Still, with Democrats determined to take back the Senate and return Republicans to the minority, Collins expects a tough race. With the $4 million in play, and a massive attack-ad campaign already underway, it is already clear her opponent will have plenty of money.
The other side of that equation: Collins has turned in some record fundraising numbers lately. She raised $1.9 million in the fourth quarter of last year, and another $1.5 million through the first three months of 2019. So, it is clear her campaign also will be well funded.
Whether anti-Collins ads this far in advance of the election will drive up her negatives with voters remains to be seen. The results of Collins' 2014 re-election bid would suggest Mainers are rather fond of their senior senator – she carried nearly 70% of the vote.
Collins is seen as one of the few bipartisan figures in Congress willing or able to work across the aisle. In fact, she sided with Democrats in July 2017 to halt the "skinny repeal" of the Affordable Care Act. As a four-term senator, she enjoys more seniority than any senator from Maine has enjoyed in the past seven decades.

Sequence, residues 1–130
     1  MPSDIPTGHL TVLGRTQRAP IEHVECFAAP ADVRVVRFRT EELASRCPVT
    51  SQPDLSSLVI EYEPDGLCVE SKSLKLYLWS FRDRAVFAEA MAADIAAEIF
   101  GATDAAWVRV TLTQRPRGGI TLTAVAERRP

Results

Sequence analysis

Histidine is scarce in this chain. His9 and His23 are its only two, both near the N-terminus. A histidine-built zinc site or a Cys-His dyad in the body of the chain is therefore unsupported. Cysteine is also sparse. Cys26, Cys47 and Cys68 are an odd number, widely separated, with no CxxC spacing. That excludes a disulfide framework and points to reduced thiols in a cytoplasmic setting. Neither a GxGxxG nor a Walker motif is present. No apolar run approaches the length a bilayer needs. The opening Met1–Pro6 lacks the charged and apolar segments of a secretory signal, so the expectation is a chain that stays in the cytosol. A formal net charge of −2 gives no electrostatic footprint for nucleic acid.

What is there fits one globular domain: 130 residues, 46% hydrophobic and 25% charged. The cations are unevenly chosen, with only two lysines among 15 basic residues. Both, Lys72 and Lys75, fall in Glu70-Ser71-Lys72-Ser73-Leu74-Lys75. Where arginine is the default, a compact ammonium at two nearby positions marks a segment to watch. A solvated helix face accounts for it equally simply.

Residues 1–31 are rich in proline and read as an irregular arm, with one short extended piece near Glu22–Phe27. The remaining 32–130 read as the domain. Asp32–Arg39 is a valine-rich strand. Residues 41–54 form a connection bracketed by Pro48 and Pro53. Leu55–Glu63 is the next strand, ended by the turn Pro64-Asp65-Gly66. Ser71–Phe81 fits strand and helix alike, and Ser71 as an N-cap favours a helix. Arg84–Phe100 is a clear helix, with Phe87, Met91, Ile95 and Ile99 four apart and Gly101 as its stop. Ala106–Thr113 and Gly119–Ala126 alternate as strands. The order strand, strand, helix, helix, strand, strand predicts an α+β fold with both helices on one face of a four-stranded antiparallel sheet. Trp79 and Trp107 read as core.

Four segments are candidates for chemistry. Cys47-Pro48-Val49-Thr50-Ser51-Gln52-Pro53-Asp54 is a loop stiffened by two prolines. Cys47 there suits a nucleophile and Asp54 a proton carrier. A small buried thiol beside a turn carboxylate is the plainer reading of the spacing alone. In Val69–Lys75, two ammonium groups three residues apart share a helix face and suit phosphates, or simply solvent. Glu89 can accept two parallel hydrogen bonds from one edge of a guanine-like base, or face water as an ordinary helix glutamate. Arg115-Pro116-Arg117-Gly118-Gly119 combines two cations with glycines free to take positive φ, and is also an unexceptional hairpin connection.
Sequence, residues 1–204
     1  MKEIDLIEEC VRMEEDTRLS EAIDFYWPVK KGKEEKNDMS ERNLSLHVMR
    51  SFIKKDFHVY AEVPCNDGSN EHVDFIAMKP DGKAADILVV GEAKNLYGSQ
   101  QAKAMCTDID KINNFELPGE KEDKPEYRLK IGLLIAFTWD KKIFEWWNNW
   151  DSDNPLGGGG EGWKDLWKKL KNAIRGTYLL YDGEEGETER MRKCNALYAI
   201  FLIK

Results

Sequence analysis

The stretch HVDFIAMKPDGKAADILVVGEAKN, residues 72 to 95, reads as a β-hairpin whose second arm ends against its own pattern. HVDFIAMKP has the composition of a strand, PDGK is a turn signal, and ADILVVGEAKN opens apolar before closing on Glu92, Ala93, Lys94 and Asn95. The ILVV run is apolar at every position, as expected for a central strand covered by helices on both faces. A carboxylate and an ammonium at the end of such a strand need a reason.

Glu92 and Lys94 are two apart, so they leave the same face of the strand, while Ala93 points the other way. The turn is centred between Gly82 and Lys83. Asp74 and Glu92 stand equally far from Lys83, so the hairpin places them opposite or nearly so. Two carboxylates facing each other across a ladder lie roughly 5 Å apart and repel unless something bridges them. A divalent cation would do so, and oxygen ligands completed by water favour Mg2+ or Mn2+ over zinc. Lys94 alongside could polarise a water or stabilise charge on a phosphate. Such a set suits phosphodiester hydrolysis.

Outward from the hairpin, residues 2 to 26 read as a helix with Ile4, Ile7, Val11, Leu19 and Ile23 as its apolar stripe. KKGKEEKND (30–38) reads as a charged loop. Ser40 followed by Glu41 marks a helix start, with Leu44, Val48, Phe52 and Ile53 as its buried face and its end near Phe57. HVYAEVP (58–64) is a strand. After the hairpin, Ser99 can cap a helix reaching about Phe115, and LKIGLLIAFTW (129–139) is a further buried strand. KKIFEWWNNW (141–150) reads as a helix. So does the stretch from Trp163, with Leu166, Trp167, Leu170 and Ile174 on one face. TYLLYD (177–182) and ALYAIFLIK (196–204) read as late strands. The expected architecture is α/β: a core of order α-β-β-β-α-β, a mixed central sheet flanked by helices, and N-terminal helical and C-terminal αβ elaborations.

State and local media seem largely indifferent the attack ads against Collins funded by anonymous donors, and appear to be looking the other way.
Tim Graham, the executive editor of Newsbusters.org and co-author of "Unmasked: Big Media's War Against Trump," tells Newsmax an obvious double standard is at work: Undisclosed donors to conservative causes are seen as probably nefarious, while the media tends to look the other way when dark money – cash from donors who remain anonymous – flows in to activist groups on the left.
Notes Graham: "There is a tremendous irony in the liberal media that they can ardently advocate for 'campaign finance reform' and against 'dark money,' and yet be terrible at covering leftist 'dark money.'"
So far, only a few Maine journalists, specifically Steve Mistler of MainePublic.org and Kevin Miller of the Portland Press Herald, have taken notice of the shadowy ad campaign trying to brand Collins as a Medicare foe.
Graham is hardly surprised, however.
"The media-elite and media-adjacent 'fact checkers,'" he says, "have a habit of critiquing conservatives/Republicans at a much higher rate than Democrats, with a more combative tone and harsher 'Pinocchio/Pants on Fire' ratings.
"It's commendable that The Washington Post would notice the lies about Medicare cuts," he remarks. "But even they will probably have to be goaded into connecting that earlier critique to the current anti-Collins commercials."